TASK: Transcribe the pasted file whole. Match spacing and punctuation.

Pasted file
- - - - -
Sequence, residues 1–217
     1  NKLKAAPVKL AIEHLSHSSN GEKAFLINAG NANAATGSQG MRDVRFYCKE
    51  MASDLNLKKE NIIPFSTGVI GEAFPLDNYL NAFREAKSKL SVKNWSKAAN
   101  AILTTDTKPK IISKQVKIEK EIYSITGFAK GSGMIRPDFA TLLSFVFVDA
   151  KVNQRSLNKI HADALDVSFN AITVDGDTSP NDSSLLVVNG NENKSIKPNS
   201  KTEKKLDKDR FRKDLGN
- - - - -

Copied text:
Sequence, residues 1–217
     1  NKLKAAPVKL AIEHLSHSSN GEKAFLINAG NANAATGSQG MRDVRFYCKE
    51  MASDLNLKKE NIIPFSTGVI GEAFPLDNYL NAFREAKSKL SVKNWSKAAN
   101  AILTTDTKPK IISKQVKIEK EIYSITGFAK GSGMIRPDFA TLLSFVFVDA
   151  KVNQRSLNKI HADALDVSFN AITVDGDTSP NDSSLLVVNG NENKSIKPNS
   201  KTEKKLDKDR FRKDLGN